Thursday, February 6, 2014
by Native www.gooddeedsmall.com
Games may be helpful for children suffering from anxiety and depression, according to research published last year.
In the study, Game-Based Biofeedback for Paediatric Anxiety and Depression, M. Knox and five other scientists reported that children responded favorably to video games utilizing biofeedback devices and techniques.
During eight sessions, M. Knox and colleagues tested twenty-four children and assigned half of them to a group using two video games and the other half to a comparison group.
To rate psychological symptoms before and after the sessions, the scientists gave three tests to children whose ages ranged from nine to seventeen years old. Two of the tests were for anxiety; the third, for depression.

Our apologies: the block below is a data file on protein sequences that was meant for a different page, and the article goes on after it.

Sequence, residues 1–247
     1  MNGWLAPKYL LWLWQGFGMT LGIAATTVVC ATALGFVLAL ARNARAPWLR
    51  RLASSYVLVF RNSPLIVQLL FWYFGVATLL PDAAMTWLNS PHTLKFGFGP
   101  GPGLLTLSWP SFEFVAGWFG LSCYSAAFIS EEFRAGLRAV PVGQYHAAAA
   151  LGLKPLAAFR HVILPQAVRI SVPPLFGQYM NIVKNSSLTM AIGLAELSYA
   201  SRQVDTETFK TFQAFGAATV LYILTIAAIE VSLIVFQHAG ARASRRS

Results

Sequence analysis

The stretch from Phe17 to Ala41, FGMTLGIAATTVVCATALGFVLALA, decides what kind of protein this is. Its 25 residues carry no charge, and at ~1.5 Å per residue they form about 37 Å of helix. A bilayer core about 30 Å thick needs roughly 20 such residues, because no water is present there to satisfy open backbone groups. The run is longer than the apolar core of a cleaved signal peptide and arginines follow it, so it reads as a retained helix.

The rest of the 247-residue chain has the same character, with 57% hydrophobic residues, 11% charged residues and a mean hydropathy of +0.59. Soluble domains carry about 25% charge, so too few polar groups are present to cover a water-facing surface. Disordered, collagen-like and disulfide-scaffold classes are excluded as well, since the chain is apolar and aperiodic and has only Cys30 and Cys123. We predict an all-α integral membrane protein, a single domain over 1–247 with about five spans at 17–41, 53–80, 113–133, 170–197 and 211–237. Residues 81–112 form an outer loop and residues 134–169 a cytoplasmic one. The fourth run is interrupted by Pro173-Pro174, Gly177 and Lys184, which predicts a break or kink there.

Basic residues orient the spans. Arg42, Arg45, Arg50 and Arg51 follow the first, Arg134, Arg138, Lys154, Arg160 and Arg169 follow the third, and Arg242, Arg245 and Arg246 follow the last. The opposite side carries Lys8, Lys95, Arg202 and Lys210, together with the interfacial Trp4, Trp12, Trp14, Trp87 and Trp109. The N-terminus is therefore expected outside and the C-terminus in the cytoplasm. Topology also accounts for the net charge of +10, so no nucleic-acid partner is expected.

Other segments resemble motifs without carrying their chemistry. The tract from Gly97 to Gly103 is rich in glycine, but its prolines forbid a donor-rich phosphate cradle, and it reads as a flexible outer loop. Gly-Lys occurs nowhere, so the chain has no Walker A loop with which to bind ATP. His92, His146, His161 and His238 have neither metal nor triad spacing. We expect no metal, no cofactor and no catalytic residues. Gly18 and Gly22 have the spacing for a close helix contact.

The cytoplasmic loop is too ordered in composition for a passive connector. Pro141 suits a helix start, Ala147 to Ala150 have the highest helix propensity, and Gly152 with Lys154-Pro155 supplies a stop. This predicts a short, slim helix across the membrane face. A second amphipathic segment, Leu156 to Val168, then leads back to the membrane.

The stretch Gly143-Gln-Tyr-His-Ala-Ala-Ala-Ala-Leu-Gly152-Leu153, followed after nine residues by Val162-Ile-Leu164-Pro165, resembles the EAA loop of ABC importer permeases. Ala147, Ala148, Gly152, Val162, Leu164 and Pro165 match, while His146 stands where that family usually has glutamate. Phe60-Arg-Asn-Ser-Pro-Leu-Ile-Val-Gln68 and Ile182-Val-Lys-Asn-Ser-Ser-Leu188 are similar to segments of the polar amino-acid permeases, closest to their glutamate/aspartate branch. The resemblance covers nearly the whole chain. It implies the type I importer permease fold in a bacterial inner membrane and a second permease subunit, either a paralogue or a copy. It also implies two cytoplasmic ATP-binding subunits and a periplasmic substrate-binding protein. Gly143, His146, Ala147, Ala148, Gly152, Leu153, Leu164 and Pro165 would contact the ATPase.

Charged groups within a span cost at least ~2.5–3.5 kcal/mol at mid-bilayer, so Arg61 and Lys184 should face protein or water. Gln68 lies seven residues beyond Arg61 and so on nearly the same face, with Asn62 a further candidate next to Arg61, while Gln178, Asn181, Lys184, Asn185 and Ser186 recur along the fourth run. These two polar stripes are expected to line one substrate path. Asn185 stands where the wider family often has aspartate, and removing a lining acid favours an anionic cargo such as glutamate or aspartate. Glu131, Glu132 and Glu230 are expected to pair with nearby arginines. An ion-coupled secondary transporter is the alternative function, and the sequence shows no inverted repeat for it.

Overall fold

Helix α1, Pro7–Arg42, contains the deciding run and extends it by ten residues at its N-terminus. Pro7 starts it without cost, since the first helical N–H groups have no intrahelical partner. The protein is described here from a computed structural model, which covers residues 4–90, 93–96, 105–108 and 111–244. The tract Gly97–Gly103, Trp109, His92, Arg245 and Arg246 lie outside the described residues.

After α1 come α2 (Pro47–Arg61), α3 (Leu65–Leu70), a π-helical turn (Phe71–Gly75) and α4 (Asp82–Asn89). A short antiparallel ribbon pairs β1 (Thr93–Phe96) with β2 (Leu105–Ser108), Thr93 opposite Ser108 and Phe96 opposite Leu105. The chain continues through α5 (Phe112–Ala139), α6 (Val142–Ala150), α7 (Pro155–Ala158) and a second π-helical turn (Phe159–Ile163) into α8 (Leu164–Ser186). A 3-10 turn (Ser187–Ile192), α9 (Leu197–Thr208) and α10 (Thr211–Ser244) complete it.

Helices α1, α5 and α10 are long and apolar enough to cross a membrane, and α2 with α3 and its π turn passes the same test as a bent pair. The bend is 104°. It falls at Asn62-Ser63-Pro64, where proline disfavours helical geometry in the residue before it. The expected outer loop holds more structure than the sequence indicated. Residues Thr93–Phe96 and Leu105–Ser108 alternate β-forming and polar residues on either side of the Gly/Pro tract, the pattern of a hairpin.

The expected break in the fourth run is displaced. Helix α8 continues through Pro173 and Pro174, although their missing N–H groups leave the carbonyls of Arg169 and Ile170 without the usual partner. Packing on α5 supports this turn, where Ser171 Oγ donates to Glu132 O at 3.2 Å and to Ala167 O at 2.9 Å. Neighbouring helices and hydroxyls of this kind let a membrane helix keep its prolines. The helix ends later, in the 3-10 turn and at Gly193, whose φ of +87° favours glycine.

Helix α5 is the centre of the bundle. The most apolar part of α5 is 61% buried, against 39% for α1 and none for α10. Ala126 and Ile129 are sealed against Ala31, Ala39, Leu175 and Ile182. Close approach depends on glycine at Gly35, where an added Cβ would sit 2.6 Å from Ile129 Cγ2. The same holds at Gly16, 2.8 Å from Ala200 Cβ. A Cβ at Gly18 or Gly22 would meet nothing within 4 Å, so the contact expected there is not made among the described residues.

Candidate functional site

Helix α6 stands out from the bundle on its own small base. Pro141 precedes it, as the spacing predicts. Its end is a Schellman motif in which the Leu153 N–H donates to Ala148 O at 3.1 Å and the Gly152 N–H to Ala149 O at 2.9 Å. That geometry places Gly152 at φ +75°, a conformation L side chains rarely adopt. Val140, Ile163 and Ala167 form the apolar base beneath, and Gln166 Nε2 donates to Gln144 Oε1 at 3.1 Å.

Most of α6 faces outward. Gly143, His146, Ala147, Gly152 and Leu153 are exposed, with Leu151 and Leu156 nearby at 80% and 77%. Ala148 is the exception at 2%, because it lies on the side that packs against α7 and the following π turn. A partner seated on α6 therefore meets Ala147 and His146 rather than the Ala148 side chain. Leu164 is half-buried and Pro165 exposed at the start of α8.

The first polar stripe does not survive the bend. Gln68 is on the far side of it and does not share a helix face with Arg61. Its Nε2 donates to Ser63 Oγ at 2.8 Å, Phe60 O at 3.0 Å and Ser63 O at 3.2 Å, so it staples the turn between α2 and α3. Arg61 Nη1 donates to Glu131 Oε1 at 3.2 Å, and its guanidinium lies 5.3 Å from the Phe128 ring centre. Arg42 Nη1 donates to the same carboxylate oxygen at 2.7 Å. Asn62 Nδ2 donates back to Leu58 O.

“The intervention group [video game group] reduced anxiety and depression scores on [standardized] tests,” the scientists wrote in the published study results.
The biofeedback-based games that were used included Freeze-Framer 2.0 and Journey to Wild Divine: The Passage.
“These programs use one to three small skin electrodes that record moment by moment changes in heart rate variability (HRV) and skin conductance level (SCL),” the authors of the study wrote.
The objective was for the participants to relax and breathe at a slower rate to progress through the games, according to the authors.
A promotional video for one of the games —Journey to Wild Divine: The Passage— shows that, by controlling their heart rate, users can open a door in a colorful temple, juggle three balls, or fly on a virtual magic carpet.
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